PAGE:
Computer Science KTP Case Studies

From robotics to machine learning, the University of Birmingham is breaking new ground in the theory and practice of computational systems and their applications. Below are some examples of Knowledge Transfer Partnerships which have translated this expertise into innovative solutions for our company partners.


Designing a distributed system for performance and compliance monitoring

A Knowledge Transfer Partnership (KTP) between the University of Birmingham and BT has helped the Company to advance the monitoring capabilities of its communication procedures with a view to transforming its service delivery systems.

BT is one of the world's leading providers of communications solutions serving customers in Europe, America and Asia Pacific. Its principal activities include networked IT services, local, national and international telecommunications services, and higher-value broadband products and services. BT serves over 18 million business and residential customers, and provides network services to other licensed operators.

Under Dr Behzad Bordbar, Lecturer in the School of Computer Science at the University of Birmingham, the partnership was able to design and implement a distributed system for performance and compliance monitoring in BT's service oriented computer structures.

Professor Ben Azvine

Head of Security Research, BT

“The KTP with the University of Birmingham will help us to deal with faults and problems in near real-time and identify root causes to problems so that we can avoid recurrences in the future. This will enhance our competitiveness in the market and consolidate our role as an innovative leader in the industry.”


Cogitare Ltd.

New approaches to modelling rail capacity

The United Kingdom’s rail network is busier than ever. There are 40% more passenger journeys than there were 10 years ago, and 60% more freight. Over the next 30 years freight demand is expected to rise 140%, and passenger demand will more than double. While investment into Britain’s infrastructure will offset some of this, finding efficiencies in the existing network will help to make busy lines more pleasant for travellers.

In 2014 the University of Birmingham and Cogitare Ltd embarked upon an ambitious Knowledge Transfer Partnership (KTP) to develop innovative methods for measuring and modelling rail capacity. Cogitare, a young and dynamic niche consultancy operating out of South Bank Technopark in London, would work with the Birmingham Centre for Railway Research and Education (BCRRE) to develop software that could not only extract additional benefits from existing lines but also help rail operators to know where they should invest their money.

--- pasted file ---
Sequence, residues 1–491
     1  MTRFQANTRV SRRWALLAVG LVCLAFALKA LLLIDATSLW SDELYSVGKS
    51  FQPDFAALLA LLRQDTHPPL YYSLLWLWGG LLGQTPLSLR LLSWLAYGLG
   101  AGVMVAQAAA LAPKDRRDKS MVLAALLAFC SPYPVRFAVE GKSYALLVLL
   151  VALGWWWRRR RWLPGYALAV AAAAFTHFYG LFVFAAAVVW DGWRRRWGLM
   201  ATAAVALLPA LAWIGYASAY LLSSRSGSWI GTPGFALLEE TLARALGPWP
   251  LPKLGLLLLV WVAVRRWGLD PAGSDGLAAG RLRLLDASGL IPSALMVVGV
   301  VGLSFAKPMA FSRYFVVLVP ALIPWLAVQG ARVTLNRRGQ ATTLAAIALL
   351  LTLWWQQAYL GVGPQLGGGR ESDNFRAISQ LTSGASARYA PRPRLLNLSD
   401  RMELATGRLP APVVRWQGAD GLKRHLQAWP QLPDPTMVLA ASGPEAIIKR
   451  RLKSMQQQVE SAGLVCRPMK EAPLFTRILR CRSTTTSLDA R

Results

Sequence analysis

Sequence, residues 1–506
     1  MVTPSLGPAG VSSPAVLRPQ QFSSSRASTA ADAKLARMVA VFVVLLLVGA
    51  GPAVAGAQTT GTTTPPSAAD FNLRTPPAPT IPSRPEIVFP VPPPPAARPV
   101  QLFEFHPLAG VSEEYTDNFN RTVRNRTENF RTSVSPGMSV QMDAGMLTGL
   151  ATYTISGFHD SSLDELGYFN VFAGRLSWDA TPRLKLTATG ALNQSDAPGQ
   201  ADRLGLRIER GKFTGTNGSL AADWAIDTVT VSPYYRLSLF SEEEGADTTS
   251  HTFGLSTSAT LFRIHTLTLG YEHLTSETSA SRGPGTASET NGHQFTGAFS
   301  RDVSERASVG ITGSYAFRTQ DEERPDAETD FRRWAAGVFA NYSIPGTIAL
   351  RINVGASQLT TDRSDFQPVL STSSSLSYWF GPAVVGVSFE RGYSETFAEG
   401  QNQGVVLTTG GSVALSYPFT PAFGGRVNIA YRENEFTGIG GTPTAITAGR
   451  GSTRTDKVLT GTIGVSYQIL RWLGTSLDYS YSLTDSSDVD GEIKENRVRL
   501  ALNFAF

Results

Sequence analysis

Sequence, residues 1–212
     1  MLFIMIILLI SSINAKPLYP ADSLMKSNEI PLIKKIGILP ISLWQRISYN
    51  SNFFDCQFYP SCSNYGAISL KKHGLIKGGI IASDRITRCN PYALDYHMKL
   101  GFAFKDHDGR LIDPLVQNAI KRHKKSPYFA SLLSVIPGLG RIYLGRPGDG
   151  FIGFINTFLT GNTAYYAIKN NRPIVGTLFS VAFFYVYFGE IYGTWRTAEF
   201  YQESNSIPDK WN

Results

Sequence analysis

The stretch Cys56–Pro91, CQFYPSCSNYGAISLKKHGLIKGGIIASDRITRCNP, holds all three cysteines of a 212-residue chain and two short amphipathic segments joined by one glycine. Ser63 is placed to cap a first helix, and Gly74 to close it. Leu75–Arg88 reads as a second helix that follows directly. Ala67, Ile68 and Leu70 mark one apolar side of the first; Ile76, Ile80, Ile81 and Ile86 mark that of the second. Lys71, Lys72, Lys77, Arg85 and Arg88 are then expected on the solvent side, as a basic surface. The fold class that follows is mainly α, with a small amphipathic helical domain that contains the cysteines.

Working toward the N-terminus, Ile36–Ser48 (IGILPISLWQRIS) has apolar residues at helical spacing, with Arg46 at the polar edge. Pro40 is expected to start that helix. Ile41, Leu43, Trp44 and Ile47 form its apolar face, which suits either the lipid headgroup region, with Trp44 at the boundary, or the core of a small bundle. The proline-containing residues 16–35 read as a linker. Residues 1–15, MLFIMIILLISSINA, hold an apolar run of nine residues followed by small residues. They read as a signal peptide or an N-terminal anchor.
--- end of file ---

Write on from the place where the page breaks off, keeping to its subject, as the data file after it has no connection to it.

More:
The KTP has helped to develop an innovative new approach to railway modelling, whereby customer experience becomes a key factor in deciding what services to run. For example, a fully-packed train may get the most passengers from a to b in a short space of time, but many commuters would be willing to trade a 5 minute delay if they could guarantee a seat. Or a network that would favour direct journeys over those with two or more stops.

For Cogitare, a company without the in-house capacity to develop this knowledge, KTP provided them with a proven framework for carrying out an R&D project. Funding provided by Innovate UK and the Rail Safety and Standards Board (RSSB) went towards the salary of a recent graduate, Bibil Paramattathil, who dedicated 2 years to this project. Bibil was assisted by academic oversight from Dr Stuart Hillmansen and Professor Clive Roberts of the University of Birmingham.

Larry Fawkner

Director, Cogitare Ltd.

“Business success is more and more about better knowledge and technology. Bringing together different minds and knowledge through the KTP and harnessing Birmingham’s intellectual force with our experience is allowing us to develop new, highly-innovative products which we would not have been able to do without the KTP, and is at the heart of our future business success.”


The Supplies Group (TSG)

Developing a competitive edge through Machine Learning

The Supplies Group (TSG), an internet retailer, acquires all its customers through online marketing, mostly at a financial loss, with the hope of selling other products to them in the future. As the Company did not know, or understand, the profile of the most valuable customers they felt that the return on their investment in customer acquisition and retention was not being maximised.

Working with researchers from the University's School of Computer Sciences, led by Dr Peter Tino, the Company embarked on a KTP project which developed methods to represent customers based on patterns of historical sales data and to predict their Life Time Value (LTV). Algorithms were developed to identify the most important product families with the potential to indicate customers with high future profitability.

The KTP has had considerable impact with TSG having recruited 3 postgraduates from the University to take forward, and build on, the results of the project, and an expectation that a further 3 posts will be created. Furthermore TSG is predicting a £2.5M pa increase in customer acquisition revenue and a 15% increase in existing customer LTV which will contribute to an additional £2M of potential annual revenue growth. A further two EPSRC (Engineering and Physical Sciences Research Council) funded projects have also evolved from this project.

Noah Gresham

Director, The Supplies Group

“The project outputs will give TSG a tangible competitive advantage in online customer acquisition efforts. The work will allow us to identify customers of high value and target our marketing budget to maximise acquisition of such customer groups while minimising exposure to low value customers.”


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